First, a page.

Two Women Telling Women’s Stories
We can all learn from the roles of women in the past, as exposed by women writers.
I’m writing today about two authors I admire, both of whom write historical fiction, placing women at the centre of the action.
Emma Donoghue’s historical novels and short stories include Slammerkin, The Wonder, The Sealed Letter, Frog Music, Life Mask, The Pull of the Stars and Astray
I have not yet read all of the books listed, indeed, one is not yet available as you will discover at the end of this article.
I acquired The Wonder at an event during Listowel Writers’ Week in early June 2017. Donoghue was speaking about her process, and the filming of Room, before signing copies of The Wonder.
Later I read Slammerkin and The Sealed Letter. Within the past few weeks I have read Frog Music and the short story collection, Astray.
Like the other author I’m featuring here, Donoghue has two gifts that are essential to the writer of historical novels: persistence in research and an understanding of what makes people tick. She will take contemporaneous accounts of a real event, some of them little more than a paragraph or two, and try to imagine what might lie behind the public version of the story. Some, as in the case of The Sealed Letter, documenting in considerable detail the evidence provided by both parties to a notorious legal case.
What brought the participants to this pass? What was it in their background that turned a relationship sour? These question can be applied equally to sibling rivalries, parent-child interactions and sexual partnerships.
Another feature that these writers share is that many of there protagonists are women with a strong sexual urge, an urge that inevitably brings them into conflict with the societies in which they live.
In Slammerkin, a prostitute murders her own mother in a most brutal fashion. In Frog Music a woman with an insatiable appetite for straight sex is befriended by a cross-dressing, free-spirited woman who is murdered by a gunshot the straight woman believes was intended for her. The real events upon which it is based took place in a time and a place, late nineteenth century San Fransisco, when dressing as a man could land a woman in gaol.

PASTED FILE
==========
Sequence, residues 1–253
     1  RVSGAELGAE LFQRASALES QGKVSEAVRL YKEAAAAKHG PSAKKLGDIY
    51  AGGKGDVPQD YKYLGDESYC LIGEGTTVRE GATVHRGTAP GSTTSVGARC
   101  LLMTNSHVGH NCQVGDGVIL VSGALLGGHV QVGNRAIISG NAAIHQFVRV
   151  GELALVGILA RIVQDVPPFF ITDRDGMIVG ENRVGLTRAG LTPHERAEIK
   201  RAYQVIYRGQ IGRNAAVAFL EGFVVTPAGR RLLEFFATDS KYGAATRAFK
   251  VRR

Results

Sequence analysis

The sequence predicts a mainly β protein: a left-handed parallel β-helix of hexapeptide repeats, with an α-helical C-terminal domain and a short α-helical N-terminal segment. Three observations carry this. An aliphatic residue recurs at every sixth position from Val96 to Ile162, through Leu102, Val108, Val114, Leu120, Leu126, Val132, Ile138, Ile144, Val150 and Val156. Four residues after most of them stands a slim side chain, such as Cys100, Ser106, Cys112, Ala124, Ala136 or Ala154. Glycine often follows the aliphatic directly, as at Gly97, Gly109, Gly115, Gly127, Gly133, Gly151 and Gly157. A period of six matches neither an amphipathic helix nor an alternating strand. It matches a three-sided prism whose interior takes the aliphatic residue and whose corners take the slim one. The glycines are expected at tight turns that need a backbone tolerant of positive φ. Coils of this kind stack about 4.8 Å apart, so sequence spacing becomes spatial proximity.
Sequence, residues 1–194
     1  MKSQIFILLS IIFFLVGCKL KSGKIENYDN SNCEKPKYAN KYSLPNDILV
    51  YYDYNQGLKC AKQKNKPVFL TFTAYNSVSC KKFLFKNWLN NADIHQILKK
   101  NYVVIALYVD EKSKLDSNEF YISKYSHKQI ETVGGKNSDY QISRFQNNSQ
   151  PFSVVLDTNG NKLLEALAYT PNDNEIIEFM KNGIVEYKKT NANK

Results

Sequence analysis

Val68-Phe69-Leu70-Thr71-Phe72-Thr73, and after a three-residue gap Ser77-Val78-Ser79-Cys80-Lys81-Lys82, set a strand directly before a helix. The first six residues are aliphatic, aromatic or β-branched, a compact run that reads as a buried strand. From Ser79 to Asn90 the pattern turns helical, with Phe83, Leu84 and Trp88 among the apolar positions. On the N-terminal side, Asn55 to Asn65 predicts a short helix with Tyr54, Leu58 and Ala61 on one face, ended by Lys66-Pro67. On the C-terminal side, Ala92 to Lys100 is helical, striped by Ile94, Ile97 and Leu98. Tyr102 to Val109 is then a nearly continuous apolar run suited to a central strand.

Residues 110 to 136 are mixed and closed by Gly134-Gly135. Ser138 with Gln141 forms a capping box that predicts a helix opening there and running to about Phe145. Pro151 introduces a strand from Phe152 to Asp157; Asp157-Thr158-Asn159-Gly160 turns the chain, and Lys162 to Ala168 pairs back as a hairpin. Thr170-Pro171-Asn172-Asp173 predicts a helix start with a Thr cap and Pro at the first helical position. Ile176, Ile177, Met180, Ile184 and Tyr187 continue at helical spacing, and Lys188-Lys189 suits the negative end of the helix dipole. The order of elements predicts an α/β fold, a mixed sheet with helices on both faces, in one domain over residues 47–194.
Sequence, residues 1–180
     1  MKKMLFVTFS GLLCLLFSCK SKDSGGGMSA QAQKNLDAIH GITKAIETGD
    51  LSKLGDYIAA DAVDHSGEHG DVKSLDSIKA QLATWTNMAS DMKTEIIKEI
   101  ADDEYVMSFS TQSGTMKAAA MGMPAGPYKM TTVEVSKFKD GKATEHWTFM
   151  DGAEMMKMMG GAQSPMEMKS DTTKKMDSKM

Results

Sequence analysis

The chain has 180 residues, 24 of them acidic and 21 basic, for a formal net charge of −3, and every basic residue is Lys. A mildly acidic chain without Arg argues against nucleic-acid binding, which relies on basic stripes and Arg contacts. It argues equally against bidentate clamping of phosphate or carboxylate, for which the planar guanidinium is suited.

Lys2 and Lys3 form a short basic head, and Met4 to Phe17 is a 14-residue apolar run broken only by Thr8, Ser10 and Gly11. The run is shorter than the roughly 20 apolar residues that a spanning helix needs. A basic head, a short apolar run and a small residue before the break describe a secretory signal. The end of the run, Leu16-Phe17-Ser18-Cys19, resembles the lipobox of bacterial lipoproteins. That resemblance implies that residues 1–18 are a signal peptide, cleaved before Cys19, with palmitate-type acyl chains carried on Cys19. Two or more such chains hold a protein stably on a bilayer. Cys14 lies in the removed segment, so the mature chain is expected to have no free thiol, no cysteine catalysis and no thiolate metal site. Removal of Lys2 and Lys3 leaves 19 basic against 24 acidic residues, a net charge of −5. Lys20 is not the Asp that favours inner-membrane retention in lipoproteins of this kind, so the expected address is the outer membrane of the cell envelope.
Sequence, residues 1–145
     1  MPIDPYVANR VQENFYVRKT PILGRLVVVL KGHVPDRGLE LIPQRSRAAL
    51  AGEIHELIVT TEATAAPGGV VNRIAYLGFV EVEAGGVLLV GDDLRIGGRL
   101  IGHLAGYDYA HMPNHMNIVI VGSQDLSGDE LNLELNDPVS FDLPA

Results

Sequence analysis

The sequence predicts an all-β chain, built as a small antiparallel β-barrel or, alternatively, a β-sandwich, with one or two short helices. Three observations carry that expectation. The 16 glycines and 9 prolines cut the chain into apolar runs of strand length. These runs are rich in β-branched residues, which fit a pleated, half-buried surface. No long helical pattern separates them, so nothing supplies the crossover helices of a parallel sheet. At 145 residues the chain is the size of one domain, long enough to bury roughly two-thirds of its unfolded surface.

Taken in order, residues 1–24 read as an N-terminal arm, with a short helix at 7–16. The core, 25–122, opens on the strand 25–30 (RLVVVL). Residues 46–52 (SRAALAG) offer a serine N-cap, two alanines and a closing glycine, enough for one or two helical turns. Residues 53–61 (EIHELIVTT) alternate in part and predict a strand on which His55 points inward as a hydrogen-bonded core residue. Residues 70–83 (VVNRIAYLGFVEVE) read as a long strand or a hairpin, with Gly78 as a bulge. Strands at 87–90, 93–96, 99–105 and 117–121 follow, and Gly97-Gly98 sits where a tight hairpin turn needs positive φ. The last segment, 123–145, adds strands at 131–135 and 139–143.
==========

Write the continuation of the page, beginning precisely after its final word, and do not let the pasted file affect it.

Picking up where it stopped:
Astray, is a collection of stories originally published at various times between 1998 and 2011. Each concerns a real event, each features a character driven to seek escape from a life of hardship.
The Pull of the Stars concerns the post World War I flu epidemic. Written apropos of the centenary of that event, it has gained unexpected relevance as a consequence of the current pandemic.
But it is not the first time that Donoghue has written about plagues. A particularly moving tale in Astray concerns a couple emigrating from Ireland to Canada. The husband is already there and has hopes for a future together with his wife and child. They are en-route and harbour the same hopes. Days before their arrival the husband becomes sick with Cholera and is dead by the time his wife and child disembark. Frog Music takes place during a smallpox epidemic.
But Donoghue is not alone in her ability to delight the reader with accounts of the lives of our ancestors. The other writer who shares the same skill in revealing the lives and endurance of women in our recent past is Rebecca Bryn. Her latest book concerns the 1910 strike by the women chain makers of the West Midlands. The harrowing conditions of life and work for these women is described in heart rending detail. Long before health and safety at work legislation, men and women worked long hours for little pay and even less protection from the heat and other dangers of a forge.
Women who had no access to child care had no option but to take their children to work. This was no annual treat for kids, being given the chance to see what mummy or daddy does in the daytime. Infants were bound to their mothers wielding a hammer on hot metal. Children as young as four operated the bellows to supply oxygen to the furnace.
Bryn’s main character, Rosie, is 10 at the start of the book, in 1901. By the end, in 1910, she is a young woman with a husband and 3 children, still making chains for a pittance, but now also a political activist, organising her colleagues in opposition to the wealthy industrialist who controls every aspect of their lives.
To her credit, Bryn gives due weight to the boss’s side of the debate as well as that of small traders who rely on the chain makers for their business. And the boss develops a soft spot for Rosie’s husband Jack. I’ll say no more on that score for fear of spoiling the story. Suffice to say that, if the opening chapter makes you seethe with anger, the ending will have you weeping tears of a different kind.
What makes this book so devastating is the realisation that this is how some of our female ancestors lived little more than a century ago. If you thought the Dagenham women of fifty years ago were pioneers of equal pay, think again. Sixty years before them, the women chain makers of the West Midlands, encouraged and led by Mary Macarthur, paved the way with their strike for better pay and conditions. And yet, even now at the start of the third decade of the twenty first century, women in certain professions are paid less than men.